Companies like Redfin, Trulia, and Zillow are helping with connecting buyers and sellers, but really, they’re now just full of buyer’s agents and seller’s agents. It’s a market where it’s very hard to actually find the real person on the other side. That probably works fine when the market is hopping, but if/when the market comes down, the loads of agents just hanging around the market and acting as gatekeepers will get churned out and replaced by either a) nothing, or b) real, value added agents.

During this process, there are lots of places where I’d happily pay someone to solve a problem with skills I don’t have (a mortgage, legal documents, moving). Those services seem to be priced appropriately. The real estate agent side of things is a place where the price you pay seems to dwarf the services rendered. The interwebs have a tendency to solve that problem over time. I expect that by the next time I buy a home, it’ll be a very different experience.

Post-Script: I did some googling around to see if I’m the only one who feels this way. I’m clearly not. This post resonated so strongly with me. I heard nearly every one of those canards during our buying process.

Post-Post-Script: Our agent was quite nice, and I don’t think doing anything that was deceptive or misleading. It’s really just a case where the goals of the real estate agent are not aligned with the goals of the buyers/sellers. They don’t get paid for their time, just for the sale. Like car dealers, the folks working the floor of your local Home Depot, or the folks calling you to offer you some new phone service, they make money when you buy something. And they don’t, when you don’t.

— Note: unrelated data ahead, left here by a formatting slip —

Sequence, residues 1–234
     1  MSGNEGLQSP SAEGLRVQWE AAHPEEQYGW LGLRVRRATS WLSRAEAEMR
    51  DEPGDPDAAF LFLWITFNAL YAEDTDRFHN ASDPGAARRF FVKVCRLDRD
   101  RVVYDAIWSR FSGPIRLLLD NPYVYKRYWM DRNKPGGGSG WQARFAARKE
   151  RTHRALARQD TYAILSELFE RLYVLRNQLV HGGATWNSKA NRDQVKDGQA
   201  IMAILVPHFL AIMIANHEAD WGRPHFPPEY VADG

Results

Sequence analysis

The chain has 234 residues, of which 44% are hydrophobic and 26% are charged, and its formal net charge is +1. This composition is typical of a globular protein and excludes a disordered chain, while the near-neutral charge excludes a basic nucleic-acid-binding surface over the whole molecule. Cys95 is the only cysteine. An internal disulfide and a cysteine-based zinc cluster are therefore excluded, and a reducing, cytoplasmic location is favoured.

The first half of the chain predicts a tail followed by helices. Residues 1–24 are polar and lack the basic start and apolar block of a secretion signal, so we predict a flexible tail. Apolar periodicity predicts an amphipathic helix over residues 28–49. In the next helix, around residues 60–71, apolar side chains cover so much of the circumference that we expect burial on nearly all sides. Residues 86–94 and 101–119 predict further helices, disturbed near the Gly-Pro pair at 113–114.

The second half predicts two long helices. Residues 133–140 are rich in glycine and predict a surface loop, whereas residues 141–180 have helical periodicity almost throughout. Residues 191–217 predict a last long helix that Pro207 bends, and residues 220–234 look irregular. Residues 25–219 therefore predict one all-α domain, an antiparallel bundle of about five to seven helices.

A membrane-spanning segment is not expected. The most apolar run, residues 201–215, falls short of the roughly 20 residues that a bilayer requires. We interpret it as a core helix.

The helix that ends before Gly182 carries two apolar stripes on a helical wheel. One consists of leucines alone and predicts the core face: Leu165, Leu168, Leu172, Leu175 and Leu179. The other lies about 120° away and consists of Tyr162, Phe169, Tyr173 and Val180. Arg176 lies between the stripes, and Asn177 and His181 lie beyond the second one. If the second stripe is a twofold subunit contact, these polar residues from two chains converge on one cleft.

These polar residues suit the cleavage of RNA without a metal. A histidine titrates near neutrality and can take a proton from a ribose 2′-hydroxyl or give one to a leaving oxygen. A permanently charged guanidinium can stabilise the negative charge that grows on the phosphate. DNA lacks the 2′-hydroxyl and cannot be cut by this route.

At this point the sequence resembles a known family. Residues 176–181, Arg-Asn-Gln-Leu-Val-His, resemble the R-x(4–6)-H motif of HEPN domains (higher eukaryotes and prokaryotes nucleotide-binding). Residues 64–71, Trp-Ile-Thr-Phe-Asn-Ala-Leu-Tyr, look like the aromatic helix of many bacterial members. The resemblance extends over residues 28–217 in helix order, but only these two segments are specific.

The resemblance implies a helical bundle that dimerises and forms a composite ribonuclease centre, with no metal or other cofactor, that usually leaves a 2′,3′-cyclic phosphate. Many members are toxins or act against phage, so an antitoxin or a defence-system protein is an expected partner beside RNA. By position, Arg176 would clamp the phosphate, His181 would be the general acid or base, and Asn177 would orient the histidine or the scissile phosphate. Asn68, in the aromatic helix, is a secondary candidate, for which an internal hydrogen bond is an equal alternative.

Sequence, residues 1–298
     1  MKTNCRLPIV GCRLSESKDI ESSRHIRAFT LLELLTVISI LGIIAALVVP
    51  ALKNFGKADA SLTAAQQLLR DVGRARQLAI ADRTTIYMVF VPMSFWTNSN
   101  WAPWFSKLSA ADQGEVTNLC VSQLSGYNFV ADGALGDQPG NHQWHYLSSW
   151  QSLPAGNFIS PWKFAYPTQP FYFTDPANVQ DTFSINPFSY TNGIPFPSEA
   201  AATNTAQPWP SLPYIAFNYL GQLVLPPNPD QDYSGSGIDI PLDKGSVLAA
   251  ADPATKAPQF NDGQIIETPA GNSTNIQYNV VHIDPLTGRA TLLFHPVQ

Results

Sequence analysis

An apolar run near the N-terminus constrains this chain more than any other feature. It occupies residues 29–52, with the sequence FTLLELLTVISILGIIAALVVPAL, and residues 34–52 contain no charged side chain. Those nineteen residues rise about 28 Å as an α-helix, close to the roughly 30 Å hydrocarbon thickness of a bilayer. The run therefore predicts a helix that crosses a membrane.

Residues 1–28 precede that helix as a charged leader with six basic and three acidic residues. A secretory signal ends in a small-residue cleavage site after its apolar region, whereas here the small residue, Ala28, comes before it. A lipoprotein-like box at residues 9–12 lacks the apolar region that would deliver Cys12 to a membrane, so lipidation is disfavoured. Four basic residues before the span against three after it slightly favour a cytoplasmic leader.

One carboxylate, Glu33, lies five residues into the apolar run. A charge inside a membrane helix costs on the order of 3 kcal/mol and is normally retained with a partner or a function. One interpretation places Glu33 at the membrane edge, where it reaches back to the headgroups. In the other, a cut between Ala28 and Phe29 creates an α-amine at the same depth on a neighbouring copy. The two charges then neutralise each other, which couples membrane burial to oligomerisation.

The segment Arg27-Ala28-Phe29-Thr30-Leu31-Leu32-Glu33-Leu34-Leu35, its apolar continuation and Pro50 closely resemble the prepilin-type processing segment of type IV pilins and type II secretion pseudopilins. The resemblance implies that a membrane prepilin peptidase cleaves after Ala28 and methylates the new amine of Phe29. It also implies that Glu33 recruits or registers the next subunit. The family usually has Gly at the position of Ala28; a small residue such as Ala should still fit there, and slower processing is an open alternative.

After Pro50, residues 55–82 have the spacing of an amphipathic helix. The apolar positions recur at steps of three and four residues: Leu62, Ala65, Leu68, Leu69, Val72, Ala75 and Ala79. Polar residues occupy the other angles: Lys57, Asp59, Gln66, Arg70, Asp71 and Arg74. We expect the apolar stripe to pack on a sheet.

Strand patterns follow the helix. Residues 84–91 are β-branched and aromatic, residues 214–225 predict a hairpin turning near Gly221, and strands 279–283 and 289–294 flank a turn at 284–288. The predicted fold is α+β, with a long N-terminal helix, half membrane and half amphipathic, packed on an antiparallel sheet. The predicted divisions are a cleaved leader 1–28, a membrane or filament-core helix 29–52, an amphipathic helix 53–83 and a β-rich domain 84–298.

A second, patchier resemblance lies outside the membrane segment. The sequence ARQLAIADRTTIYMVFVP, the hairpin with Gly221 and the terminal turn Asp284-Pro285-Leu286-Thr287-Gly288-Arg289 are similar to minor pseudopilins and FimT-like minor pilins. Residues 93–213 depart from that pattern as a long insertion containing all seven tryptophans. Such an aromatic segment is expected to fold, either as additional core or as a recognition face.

Because what could go wrong?

Depressing article from the Times this week …

Under Dodd-Frank, the general rule was to be that if a lender wanted to securitize mortgages, that lender had to keep at least 5 percent of the risk. There was an exception. The lender didn’t need to retain any risk in mortgages deemed to be supersafe. Those mortgages were to be known as Qualified Residential Mortgages, or Q.R.M., in the jargon that promptly developed.

In 2011, when the regulators first proposed rules to carry out the risk-retention law, the idea was that there would be a two-tier mortgage market. Mortgages deemed to be Q.R.M. would be characterized by substantial down payments that would minimize the risk of default, while the other tier would include riskier mortgages — although still safer than some of the ridiculous mortgages that characterized the boom — and could be securitized only if those responsible for either the loans or the securitizations kept some of the risk.

But when the final rule was adopted this week, that idea was dropped.

“The loophole has eaten the rule, and there is no residential mortgage risk retention,” said Barney Frank, the
former chairman of the House Financial Services Committee and the Frank in Dodd-Frank.

Because what could go wrong if banks take on a bunch of risky mortgages that eventually go belly up?

Fixing the Ruby Error “Symbol not found: _SSLv2_client_method (LoadError)”

I was doing some work on my computer this weekend and when running a ruby script, I got a whole stack trace, with the main error being:

Symbol not found: _SSLv2_client_method (LoadError)

I use rbenv and build my own rubies, so that I don’t have to muck about with the system ruby (and gems). It should have occurred to me that after the POODLE SSL flaw, Apple would have patched (at least partially) the SSL libraries.

After a bit of Googling, Stack Overflow to the rescue. I needed to simply rebuild ruby, which would build it against the updated SSL libs.

On rbenv, if you have ruby-build installed, that’s as simple as:

rbenv install 2.1.2